Revenge of the Swamp

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Chapter 7

Tim looked at his secret pet, Matrix, the one-foot long baby blue Axanthic iguana he had bought from the Willie the Weasel’s friend’s pet shop in the neighboring district.

Matrix was gorgeous, turquoise blue, like a jade object. He got Matrix for forty dollars, thanks to Willie the Weasel who did all the talking. The price tag was a whopping one hundred dollars!

The pet shop owner, a wiry little man who looked as miserable as his pet shop, kept on grumbling about letting it go for that price since it was so rare and beautiful. Willie the Weasel paid the man and told Tim it was a gift. Tim was stunned. He only had twenty-one dollars in his pocket. Unbelievable, Willie the Weasel giving him a gift? Boy, he must be in real big trouble with the law!

Tim had always wanted an iguana as a birthday present. Good thing mom and dad didn’t go shopping in the neighboring district. He wasn’t going to spoil this by buying it in any of the local pet shops where the owner could recognize him on the street and ask him about how Matrix was doing. What if he happened to be walking with his mom or dad? They surely would like to know why he had gone and bought a pet dragon as his mom always called iguanas.

So, he had gone and done a clever thing as to buy Matrix far from home. The problem was, how to keep Matrix in a safe place. Where was he going to keep his pet? A few days before purchasing Matrix, Tim took a scouting ride up his street. He was looking for a good home for Matrix. He found the ideal place three blocks away in the not so well-kept neighborhood. There were a lot of abandoned houses, some dating back to the time when a real estate developer had bought the area intending to build a pleasure center and shopping mall. Something about money problems had put the project on hold.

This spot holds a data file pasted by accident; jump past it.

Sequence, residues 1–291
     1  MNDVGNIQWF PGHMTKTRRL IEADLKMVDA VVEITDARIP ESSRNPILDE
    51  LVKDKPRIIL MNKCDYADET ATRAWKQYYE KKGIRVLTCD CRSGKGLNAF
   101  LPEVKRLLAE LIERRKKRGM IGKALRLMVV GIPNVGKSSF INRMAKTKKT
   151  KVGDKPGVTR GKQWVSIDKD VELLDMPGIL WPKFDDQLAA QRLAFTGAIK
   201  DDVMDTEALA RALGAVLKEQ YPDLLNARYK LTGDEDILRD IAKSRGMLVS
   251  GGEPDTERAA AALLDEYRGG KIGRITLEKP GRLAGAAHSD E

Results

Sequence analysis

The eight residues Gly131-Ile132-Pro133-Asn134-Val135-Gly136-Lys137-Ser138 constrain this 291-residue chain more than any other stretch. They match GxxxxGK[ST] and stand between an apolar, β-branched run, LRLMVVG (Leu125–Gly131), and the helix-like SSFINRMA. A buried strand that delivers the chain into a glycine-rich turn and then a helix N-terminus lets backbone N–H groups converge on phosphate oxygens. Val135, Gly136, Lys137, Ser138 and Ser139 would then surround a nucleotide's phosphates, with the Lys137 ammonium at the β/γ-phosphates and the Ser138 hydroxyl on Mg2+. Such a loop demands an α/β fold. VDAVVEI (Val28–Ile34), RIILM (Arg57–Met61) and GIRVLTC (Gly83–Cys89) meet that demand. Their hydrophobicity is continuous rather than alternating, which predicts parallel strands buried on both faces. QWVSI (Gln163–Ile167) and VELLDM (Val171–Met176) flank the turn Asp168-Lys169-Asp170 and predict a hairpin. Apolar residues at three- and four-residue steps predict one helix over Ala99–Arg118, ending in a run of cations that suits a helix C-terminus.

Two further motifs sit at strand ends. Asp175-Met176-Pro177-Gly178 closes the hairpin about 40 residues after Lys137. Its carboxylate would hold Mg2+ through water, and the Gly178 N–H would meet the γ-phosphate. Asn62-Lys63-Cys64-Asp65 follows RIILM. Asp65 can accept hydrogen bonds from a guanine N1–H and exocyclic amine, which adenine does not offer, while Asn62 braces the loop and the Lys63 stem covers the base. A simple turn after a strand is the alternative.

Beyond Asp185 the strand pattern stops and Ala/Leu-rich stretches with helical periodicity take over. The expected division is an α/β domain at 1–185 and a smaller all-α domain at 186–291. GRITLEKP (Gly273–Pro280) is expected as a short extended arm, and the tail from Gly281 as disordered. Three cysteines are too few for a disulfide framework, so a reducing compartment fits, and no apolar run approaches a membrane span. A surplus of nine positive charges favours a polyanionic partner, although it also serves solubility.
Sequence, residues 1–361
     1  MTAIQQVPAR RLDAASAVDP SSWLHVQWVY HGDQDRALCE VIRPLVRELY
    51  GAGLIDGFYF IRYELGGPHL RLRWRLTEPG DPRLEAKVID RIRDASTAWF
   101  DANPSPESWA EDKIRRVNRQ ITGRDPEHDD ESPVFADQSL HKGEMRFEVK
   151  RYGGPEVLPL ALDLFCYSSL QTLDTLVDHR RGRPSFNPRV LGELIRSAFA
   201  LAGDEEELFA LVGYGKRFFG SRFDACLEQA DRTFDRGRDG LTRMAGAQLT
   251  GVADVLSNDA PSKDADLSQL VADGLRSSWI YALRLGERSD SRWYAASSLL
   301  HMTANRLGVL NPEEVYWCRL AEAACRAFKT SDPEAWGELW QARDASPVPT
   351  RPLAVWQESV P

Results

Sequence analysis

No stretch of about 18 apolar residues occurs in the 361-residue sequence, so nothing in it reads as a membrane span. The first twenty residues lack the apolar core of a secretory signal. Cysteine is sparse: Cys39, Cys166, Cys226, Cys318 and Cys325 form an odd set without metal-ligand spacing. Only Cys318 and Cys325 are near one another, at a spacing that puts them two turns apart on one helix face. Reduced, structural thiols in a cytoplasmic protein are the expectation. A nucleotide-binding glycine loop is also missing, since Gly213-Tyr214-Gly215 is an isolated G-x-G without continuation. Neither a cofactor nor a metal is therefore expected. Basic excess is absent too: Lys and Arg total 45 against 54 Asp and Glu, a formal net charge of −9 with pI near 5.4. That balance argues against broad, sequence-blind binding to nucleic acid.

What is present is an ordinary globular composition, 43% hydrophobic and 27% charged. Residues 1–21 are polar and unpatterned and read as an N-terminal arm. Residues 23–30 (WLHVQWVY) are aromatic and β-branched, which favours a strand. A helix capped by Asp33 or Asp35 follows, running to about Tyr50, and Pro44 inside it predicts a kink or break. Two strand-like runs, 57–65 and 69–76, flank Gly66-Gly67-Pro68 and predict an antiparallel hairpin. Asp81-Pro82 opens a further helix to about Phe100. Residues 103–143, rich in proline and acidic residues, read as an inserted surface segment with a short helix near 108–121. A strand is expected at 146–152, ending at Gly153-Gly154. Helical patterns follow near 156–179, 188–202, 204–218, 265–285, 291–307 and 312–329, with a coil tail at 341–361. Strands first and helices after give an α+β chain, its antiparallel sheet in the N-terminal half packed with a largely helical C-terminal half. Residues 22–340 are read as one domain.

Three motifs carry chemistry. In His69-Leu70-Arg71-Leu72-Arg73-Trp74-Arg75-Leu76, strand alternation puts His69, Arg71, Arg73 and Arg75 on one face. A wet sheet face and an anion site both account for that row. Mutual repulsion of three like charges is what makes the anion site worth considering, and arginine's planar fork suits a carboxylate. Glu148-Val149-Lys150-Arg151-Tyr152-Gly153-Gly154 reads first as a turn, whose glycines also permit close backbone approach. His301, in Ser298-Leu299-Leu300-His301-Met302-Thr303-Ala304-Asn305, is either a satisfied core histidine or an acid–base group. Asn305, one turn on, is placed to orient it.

Tim couldn’t appreciate what the big fuss was about. He had heard some big words like ‘embezzlement’ and decided it wasn’t any of his business to scratch his head and try to comprehend what all the adults were on about. His problem was where to house Matrix.

He chose an abandoned house. It was roofless. The roof had collapsed after a fire guttered the house. Tim chose it because it was inhabitable for humans. This assured him, nobody would come snooping about and disturb Matrix. Every day he would cycle to visit Matrix. They would play…

This was until one day he came and found Matrix gone. He spent hours searching for him until it got too dark for him to see. It was one of the most miserable days in his eleven years. He wouldn’t eat, he couldn’t sleep. He kept remembering that there was a house close by, yeah, that booby-trapped house which belonged to some old crazy nut called Jarvis. All the boys knew about Jarvis, the old man who behaved and looked just like Ben Gunn in Treasure Island. Yeah, I wouldn’t want to be caught snooping around the old tin pot’s place.

They say old man Jarvis always carried a shotgun and didn’t hesitate to use it at the slightest provocation. Tim kept thinking, maybe, just maybe Matrix has gone and played in old man Jarvis’ place. There was one way to find out. Tim rubbed his eyes and shook his head. Going to search for Matrix on an abandoned property was one thing. Trespassing old man Jarvis’s property was not something he fancied doing. It was too dangerous.

Old man Jarvis was a trigger happy, crackpot, who wouldn’t hesitate to shoot anyone who dared step on his property. They also said his sight was not so good. He lived alone and was strange and wild. Some say the war had screwed up his head.

I don’t want to go snooping around any weirdo’s house, Tim decided.